Driver hits a career high as our quiet everyman with a military past whose journeys are both physical and existential. Paterson is constantly attuned to the extraordinary and poetic, even in the smallest of gestures, offering a charming depiction of how lovers can co-exist and support each other’s creativity. The poems, by real-life poet Ron Padgett, are damn fine too.

Can be found in which BFI Player Collections? AMERICAN INDIE

http://player.bfi.org.uk/film/watch-paterson-2016/

Public voting opens tomorrow for this year’s Virgin TV Must-See Moment

Shortlisted programmes represent the most-talked about TV programme moments of 2016 from fighting mammals to dancing politicians 

The British Academy of Film and Television Arts has today announced the shortlist of nominated moments for this year’s Virgin TV’s Must-See Moment, the only award voted for by the British public at the upcoming Virgin TV British Academy Television Awards, taking place on Sunday 14 May at the Royal Festival Hall in London.

The nominated moments are:

·       Game of Thrones: Battle of the Bastards

·       The Late Late Show: Carpool Karaoke Michelle Obama

·       Line of Duty: Urgent Exit Required

·       Planet Earth II: Snakes vs Iguana Chase

·       Strictly Come Dancing: Ed Balls’ Gangnam Style

·       Who Do You Think You Are: Danny Dyer’s Origins

The Virgin TV’s Must-See Moment rewards the TV highlights that had the nation gripped last year: the dramatic scenes, the cliffhangers, the laugh-out-loud and the edge-of-your-seat action. A panel of leading media and entertainment journalists collated the shortlist, which this year champions everything from British drama and global entertainment showstoppers to nature documentaries and factual history programmes.  

From Tuesday 11 April (08.00) until Wednesday 10 May (17.00) members of the public will have the opportunity to vote for the Virgin TV’s Must-See Moment at www.virginmedia.com/bafta. Early voters will also enter a prize draw to win tickets to attend the event*.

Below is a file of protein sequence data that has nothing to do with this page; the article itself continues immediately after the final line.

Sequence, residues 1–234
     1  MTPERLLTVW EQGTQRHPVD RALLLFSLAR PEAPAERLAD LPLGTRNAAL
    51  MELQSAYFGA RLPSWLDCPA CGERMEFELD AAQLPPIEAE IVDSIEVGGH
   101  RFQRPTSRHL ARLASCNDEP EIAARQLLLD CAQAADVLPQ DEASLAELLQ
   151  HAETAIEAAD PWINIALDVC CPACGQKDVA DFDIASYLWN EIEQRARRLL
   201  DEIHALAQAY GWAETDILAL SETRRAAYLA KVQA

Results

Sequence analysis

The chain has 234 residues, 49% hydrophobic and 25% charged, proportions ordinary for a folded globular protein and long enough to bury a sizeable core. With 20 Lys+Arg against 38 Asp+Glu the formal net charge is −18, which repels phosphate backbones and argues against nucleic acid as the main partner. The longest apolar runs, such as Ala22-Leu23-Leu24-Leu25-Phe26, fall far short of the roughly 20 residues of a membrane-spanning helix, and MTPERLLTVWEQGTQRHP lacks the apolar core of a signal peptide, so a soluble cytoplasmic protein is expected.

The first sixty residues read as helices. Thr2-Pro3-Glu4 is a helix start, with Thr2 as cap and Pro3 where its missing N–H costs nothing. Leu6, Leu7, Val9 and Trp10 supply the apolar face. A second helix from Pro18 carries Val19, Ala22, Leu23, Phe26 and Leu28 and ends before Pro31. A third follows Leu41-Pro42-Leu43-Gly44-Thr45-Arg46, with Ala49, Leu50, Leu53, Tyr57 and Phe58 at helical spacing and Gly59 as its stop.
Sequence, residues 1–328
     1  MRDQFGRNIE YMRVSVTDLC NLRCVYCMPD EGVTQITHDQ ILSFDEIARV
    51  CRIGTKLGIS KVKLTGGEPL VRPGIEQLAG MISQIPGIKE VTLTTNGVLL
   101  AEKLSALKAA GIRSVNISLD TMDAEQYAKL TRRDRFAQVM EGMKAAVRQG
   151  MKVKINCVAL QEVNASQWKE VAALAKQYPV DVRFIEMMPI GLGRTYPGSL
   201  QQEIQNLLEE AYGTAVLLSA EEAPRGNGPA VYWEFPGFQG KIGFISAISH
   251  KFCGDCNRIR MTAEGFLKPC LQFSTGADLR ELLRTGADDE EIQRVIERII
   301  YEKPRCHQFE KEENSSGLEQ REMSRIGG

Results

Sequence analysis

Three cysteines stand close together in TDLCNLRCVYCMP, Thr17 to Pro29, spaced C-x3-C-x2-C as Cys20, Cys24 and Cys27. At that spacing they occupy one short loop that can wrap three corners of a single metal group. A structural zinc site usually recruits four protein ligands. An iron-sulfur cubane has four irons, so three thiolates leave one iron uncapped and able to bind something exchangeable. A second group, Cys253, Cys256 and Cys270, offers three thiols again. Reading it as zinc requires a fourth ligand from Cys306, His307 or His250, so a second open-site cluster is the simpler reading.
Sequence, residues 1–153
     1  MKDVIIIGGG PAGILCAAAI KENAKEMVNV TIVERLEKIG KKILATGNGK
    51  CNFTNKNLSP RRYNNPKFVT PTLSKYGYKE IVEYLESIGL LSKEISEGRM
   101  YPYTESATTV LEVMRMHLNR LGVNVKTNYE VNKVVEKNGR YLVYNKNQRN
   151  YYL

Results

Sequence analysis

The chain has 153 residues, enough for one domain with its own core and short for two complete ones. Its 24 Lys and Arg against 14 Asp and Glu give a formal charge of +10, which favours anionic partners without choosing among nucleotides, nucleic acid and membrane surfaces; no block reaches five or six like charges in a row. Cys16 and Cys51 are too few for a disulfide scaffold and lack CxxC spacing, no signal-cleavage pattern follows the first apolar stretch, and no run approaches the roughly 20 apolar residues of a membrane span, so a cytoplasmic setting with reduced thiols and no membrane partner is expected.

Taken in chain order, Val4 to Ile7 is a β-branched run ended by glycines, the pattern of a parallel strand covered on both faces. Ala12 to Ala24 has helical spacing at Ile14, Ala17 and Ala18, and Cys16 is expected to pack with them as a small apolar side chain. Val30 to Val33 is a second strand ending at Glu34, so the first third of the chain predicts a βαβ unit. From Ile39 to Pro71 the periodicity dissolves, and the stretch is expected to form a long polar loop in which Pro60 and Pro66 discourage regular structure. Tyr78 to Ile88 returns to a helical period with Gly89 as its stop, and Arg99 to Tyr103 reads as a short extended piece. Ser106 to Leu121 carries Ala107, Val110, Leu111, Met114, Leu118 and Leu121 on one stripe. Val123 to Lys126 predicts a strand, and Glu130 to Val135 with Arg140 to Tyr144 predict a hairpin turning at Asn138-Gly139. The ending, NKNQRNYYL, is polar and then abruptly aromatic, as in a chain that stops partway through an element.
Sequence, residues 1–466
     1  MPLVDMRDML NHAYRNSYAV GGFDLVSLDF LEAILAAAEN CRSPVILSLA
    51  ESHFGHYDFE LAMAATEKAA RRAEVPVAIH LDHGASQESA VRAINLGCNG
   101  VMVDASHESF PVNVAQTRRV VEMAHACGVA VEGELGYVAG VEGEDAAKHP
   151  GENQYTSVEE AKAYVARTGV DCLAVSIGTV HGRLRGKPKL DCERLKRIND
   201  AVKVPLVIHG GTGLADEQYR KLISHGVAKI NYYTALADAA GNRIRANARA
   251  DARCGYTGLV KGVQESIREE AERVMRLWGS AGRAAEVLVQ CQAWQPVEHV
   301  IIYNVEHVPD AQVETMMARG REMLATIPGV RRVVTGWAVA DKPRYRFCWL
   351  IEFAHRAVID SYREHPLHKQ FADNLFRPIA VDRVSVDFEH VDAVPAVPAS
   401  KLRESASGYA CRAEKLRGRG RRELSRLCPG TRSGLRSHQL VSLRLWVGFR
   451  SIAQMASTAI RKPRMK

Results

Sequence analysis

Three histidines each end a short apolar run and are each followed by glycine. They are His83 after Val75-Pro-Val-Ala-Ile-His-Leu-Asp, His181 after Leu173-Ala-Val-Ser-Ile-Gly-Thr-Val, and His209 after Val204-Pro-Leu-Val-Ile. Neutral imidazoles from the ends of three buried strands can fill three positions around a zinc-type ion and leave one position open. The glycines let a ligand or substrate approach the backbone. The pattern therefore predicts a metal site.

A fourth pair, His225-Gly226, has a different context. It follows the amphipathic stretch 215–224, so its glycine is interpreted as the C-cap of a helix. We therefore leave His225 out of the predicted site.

For the first time TV fans can also vote through their television sets- Virgin TV customers can vote through the app on the TiVo® platform. Voting via TiVo closes on Thursday 4 May at 23:59.

David Bouchier, Chief Digital Entertainment Officer at Virgin TV, said: “The Virgin TV Must-See Moment celebrates the role that TV has at the heart of British entertainment and culture.  Great television has the power to fire our emotions and get us talking and laughing. From snake chases and huge battle scenes, to seeing big names trying to sing and dance, there is something for everyone. With the nominations we are announcing today, the Great British public has a tough decision to make.  I can’t wait to see the final results.”

Amanda Berry OBE, Chief Executive of BAFTA, added: “With our title sponsor Virgin TV, we are thrilled to announce the shortlist for a new public-voted award this year – Virgin TV’s Must-See Moment. The shortlist demonstrates an incredible range of unforgettable TV moments from last year and I’m sure it will be tough to pick out a favourite.  I look forward to the winner being revealed on Sunday 14 May.”

The nominations for the Virgin TV British Academy Television Awards will be announced tomorrow live on Facebook (facebook.com/bafta)

The winner of the Virgin TV’s Must-See Moment will be announced at the Virgin TV British Academy Television Awards, which will take place on Sunday 14 May at the Royal Festival Hall in London.

Movie stunts are a main source of on-set movie magic that always leave the audience in awe. It’s no secret that stunt performers need to be flawless in their approach so they can jump into action on cue for an authentic, impressive performance. But even some of the most common stunts require hours of planning and careful attention to detail. Here’s how common stunts like high falls, stunt driving and martial arts are carefully constructed and performed by the professionals:

High Falls

High falls are a basic building block for stunt performers. Stuntmen must meet a minimum height of three stories before they can be hired. This dangerous stunt requires careful attention to set up and many additional precautions. Basic fall maneuvers include headers, a face off, back fall and suicide. For all these falls, a stuntman needs an airbag, spotter and box catchers. To perform a back fall, the key is to land safely on your back meaning every part of your body, from your head to your toes, at the same time.